a book review by SIMON ROBERTS, Stripe Partners
Anthro-Vision: A New Way to See in Business and Life
2021, 304 pp, Avid Reader Press / Simon & Schuster
→ Join Simon Roberts in conversation with Gillian Tett on June 10—register here!
Ulf Hannerz once proposed that “common sense is cultural ‘business as usual’; standard operating procedure, one’s perspective at rest” (127). Gillian Tett’s journalism unsettles perspectives at rest. If there’s one simple message for the general reader in her new book Anthro-Vision it is this: the promise and value of anthropology lies in making visible that which is close to hand but ignored. It offers a means to see the world differently.
There’s also a message for those whose work involves the application of anthropological thinking or ethnography: we should revisit our own assumptions about how we conceive of and communicate our value. The book is a resounding call to arms in a world beset by a ‘tunnel vision’.
What is the basis for Tett’s...
PechaKucha Presentation—The conference theme for EPIC2020 is all about scale. For many, scale will probably evoke images of sizing up, moving forward, getting better. But does scale carry the same meaning in all contexts? Could scaling back be the key to enacting scales successfully? And is it possible to enact scales when ethnography and the broader topic of anthropology are unheard among those around you? Reflecting on my own experience working in Thailand and China and my encounters with other design and business anthropologists working in Asia, I share an honest career narrative about enacting scales. My PechaKucha speaks truthfully about the struggles in applying ethnography, and inspires with learnings on how anthropologists can adapt the broader practice of anthropology and find ways to continue contributing to organisations across societies in Asia.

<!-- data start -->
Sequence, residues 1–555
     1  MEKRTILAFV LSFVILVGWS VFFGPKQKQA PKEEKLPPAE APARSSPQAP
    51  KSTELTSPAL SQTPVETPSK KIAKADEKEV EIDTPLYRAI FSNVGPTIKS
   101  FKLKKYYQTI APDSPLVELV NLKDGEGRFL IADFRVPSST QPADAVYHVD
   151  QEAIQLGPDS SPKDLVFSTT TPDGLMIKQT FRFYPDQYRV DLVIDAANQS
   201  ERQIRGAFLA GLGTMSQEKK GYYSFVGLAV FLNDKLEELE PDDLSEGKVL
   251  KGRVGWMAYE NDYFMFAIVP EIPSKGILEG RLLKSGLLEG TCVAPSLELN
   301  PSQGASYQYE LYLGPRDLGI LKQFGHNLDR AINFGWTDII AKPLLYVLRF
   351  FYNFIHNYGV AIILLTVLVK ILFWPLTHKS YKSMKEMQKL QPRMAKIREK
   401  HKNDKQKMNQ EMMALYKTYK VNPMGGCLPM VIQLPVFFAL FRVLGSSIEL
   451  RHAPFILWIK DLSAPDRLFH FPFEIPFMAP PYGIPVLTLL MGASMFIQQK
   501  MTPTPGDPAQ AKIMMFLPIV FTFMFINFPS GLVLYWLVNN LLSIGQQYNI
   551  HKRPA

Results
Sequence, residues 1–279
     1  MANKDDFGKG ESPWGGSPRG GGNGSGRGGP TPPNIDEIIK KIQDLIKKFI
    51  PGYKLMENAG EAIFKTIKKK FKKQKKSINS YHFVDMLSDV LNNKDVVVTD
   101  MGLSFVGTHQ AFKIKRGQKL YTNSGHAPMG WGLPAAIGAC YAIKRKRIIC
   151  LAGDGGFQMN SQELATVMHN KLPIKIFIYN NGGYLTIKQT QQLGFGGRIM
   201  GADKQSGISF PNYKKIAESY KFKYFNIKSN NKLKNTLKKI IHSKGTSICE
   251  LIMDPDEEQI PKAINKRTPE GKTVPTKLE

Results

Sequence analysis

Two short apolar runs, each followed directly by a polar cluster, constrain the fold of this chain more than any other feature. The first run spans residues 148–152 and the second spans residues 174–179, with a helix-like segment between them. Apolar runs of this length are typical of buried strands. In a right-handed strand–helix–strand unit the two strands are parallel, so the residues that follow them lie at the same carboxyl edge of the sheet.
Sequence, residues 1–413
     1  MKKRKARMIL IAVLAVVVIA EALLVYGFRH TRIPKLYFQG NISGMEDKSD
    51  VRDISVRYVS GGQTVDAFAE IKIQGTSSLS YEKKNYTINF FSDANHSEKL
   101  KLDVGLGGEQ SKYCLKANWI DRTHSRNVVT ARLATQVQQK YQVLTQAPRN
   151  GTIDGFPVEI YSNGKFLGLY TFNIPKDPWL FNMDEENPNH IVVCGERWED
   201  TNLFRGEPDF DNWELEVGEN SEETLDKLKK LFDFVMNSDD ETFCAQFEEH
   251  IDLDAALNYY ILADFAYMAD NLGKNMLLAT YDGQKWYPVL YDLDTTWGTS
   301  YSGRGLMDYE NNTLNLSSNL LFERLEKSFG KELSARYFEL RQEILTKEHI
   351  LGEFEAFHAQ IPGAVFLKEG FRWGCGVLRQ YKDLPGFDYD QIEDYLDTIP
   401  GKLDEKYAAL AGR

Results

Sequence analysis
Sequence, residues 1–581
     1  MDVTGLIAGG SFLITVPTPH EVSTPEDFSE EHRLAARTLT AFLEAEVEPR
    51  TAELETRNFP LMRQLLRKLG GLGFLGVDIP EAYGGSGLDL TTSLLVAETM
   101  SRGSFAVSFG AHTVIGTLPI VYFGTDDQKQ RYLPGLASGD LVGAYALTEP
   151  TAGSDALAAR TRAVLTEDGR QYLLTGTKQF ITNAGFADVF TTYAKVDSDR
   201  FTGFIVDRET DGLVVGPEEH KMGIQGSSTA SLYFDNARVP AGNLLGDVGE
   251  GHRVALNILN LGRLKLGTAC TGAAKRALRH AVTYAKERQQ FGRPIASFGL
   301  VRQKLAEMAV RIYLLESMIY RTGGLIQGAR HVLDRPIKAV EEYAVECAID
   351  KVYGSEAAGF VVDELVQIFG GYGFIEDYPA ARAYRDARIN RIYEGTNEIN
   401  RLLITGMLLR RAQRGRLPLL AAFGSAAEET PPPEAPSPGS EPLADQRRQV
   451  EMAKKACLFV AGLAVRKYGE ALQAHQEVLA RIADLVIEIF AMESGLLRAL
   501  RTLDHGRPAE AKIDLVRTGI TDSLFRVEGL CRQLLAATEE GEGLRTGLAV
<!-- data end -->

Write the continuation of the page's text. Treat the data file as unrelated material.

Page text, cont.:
Tiffany Tivasuradej is a Consultant at Ogilvy in Hong Kong. She holds a degree in biological anthropology from Durham University (UK). She...
by SHELLY HABECKER, Swiss Re
"How do I make ethnography relevant to my company?"
This was the question that I took to Tracey Lovejoy (co-founder of EPIC, former Senior Manager at Microsoft, and founder of Lovejoy Consulting); Christian Madsbjerg (founder of ReD Associates and best-selling author of two books on applying social sciences to business); and Alexandra Mack (Alchymyx; formerly Senior Fellow at Pitney Bowes & EPIC Board Secretary). All three are leading lights in the Ethnographic Praxis in Industry Community who have invested their careers in a belief that observing and listening to human beings matters for better business.
A little over a year ago, after two decades of working on African migration issues in governmental and academic environments, I started a job at a large insurance company. I was attracted by the potential to use my training as an anthropologist to create better financial safety nets for people through the insurance industry. My managers were not looking for an anthropologist per se, but they let...